WILMINGTON, N.C.--(BUSINESS WIRE
)--Enthalpy Analytical (“Enthalpy”), a wholly-owned subsidiary of Montrose Environmental Group, Inc., is proud to announce that it has received the Department of Defense Environmental Laboratory Accreditation Program (“DoD ELAP”) certification at its Wilmington, NC, ultra-trace laboratory. This accreditation allows the lab to analyze samples containing per- and polyfluoroalkyl substances (PFAS), and dioxins/furans, for Federal agencies and municipal and industrial clients requiring this certification.
Enthalpy received this qualification through the ANSI National Accreditation Board (ANAB), the largest multi-disciplinary accreditation body in North America. The process to obtain the DoD ELAP certification is long and rigorous and requires a significant commitment and investment in quality systems, employee training, and analytical method development.
“We’re proud of our DoD accreditation and view this as validation of the significant strides we’ve made toward building a world-class laboratory focusing on the ultra-trace analysis of environmental contaminants,” said Dr. Bryan Vining, Laboratory Director at Enthalpy.
In May 2019, the DoD released version 5.3 of the Quality Systems Manual (“QSM”) that included updates to laboratory requirements for PFAS analysis. Enthalpy will now be compliant with QSM version 5.3 by holding the DoD ELAP accreditation. “We believe the accreditation combined with the stringent requirements of the QSM manual provides our clients additional assurance that our results are accurate and defensible, as well as providing confidence to make critical compliance, engineering, and health-risk decisions,” said Vining.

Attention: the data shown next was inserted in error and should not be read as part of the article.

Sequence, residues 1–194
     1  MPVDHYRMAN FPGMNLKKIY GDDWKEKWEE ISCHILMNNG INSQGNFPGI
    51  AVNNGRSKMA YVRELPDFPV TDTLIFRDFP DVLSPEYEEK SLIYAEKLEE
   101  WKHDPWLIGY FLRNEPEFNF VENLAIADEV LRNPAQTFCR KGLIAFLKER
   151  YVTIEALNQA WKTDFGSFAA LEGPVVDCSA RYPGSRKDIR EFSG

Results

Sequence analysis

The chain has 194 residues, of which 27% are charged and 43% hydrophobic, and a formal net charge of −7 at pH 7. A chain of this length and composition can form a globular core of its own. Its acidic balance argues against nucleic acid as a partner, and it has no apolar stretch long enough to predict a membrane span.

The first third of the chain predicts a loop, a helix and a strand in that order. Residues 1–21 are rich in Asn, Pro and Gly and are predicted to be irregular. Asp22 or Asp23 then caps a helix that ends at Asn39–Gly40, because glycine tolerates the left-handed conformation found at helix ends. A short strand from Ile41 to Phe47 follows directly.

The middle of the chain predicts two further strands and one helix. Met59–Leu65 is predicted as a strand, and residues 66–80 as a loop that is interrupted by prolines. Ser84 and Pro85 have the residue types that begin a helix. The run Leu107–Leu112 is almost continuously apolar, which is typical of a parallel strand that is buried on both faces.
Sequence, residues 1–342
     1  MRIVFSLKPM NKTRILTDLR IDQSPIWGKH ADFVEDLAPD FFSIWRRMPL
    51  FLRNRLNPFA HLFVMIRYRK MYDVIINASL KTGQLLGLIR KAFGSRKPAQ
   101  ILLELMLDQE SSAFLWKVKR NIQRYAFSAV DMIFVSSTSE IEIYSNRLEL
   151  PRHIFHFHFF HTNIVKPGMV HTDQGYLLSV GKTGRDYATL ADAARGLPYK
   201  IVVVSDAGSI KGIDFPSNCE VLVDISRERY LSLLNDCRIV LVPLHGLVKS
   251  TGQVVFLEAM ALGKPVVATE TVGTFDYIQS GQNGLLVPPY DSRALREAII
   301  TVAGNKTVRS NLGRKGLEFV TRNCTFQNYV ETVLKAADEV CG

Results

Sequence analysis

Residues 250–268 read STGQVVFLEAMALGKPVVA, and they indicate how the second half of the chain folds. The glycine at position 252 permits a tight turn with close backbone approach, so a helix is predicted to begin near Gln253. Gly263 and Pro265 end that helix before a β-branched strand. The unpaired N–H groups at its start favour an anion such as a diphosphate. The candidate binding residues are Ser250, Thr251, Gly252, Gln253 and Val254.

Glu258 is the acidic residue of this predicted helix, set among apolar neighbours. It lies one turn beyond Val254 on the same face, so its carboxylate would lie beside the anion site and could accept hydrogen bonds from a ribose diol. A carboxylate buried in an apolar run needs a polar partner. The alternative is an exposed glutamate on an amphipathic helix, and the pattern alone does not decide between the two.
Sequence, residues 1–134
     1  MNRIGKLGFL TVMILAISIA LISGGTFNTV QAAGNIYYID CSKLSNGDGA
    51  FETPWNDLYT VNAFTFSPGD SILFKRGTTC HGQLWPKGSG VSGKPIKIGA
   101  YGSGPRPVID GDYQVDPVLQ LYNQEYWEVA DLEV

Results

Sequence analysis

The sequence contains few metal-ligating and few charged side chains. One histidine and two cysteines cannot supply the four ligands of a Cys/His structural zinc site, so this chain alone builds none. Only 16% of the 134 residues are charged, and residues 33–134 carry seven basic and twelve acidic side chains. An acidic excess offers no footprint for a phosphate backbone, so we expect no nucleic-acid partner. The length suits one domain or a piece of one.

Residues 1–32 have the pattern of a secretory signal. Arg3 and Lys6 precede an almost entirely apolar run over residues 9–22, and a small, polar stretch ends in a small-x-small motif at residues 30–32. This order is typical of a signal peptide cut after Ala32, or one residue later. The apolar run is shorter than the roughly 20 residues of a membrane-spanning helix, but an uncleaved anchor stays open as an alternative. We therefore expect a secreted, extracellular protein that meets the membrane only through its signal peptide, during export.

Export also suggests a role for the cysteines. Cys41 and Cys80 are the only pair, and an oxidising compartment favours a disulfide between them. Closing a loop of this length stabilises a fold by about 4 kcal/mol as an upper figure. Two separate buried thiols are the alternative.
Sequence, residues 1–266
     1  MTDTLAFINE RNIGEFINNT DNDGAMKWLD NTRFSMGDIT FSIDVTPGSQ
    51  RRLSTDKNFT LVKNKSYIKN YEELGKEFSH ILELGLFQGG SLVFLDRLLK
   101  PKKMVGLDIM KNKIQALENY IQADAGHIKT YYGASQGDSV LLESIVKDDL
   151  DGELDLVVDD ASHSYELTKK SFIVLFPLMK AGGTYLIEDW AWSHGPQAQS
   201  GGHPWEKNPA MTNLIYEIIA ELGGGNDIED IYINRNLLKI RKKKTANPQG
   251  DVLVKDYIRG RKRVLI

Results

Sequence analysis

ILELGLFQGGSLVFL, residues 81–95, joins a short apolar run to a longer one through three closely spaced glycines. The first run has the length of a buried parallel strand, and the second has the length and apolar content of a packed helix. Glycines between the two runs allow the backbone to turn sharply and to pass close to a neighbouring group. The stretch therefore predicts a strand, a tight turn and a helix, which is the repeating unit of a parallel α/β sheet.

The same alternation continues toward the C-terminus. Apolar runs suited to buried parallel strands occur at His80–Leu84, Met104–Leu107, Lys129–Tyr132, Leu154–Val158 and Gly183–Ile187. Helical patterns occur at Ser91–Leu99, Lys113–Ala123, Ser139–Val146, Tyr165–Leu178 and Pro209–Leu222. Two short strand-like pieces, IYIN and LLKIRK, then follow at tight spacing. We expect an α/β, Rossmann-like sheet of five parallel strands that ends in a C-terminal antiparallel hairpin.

PFAS are man-made chemicals that have been used in industry and consumer products worldwide since the 1950s. They have been used in a variety of product applications ranging from cookware, food packaging, and personal care products to industrial uses such as semiconductor coatings, firefighting aqueous film-forming foam, metal plating, and more. PFAS have been a growing public health concern, according to the CDC, because they do not break down in the environment, can move through soils and contaminate drinking water sources, and they build up (bioaccumulate) in fish and wildlife. According to the CDC, scientific studies have shown that exposure to some PFAS in the environment may be linked to harmful health effects in humans, including adversely affecting growth, learning and behavior in infants and children; lowering a woman’s chance of getting pregnant; interfering with the body’s natural hormones; increasing cholesterol levels; affecting the immune system; and increasing the risk for some cancers. For more information on health risks related to PFAS, please visit www.enthalpy.com.